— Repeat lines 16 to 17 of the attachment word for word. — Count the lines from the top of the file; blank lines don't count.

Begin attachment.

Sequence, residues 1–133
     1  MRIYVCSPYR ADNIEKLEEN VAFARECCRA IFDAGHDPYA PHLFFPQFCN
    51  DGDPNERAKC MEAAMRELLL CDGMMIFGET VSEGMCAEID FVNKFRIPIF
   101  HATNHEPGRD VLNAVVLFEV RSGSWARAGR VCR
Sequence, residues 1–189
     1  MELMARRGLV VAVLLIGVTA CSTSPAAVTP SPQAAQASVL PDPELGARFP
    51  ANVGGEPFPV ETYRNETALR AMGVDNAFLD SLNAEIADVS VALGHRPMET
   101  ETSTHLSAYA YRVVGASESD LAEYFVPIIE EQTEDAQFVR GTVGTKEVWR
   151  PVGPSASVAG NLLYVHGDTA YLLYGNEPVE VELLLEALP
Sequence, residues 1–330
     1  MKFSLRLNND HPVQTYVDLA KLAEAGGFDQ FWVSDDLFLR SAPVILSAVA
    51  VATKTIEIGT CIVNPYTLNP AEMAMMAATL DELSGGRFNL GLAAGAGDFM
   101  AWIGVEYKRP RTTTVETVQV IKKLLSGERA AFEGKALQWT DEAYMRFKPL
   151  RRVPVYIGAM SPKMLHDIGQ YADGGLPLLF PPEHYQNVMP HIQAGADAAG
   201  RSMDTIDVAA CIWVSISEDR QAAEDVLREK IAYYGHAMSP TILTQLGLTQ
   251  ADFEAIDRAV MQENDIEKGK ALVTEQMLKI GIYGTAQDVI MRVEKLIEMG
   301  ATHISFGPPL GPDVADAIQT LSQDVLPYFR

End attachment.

   251  ADFEAIDRAV MQENDIEKGK ALVTEQMLKI GIYGTAQDVI MRVEKLIEMG
   301  ATHISFGPPL GPDVADAIQT LSQDVLPYFR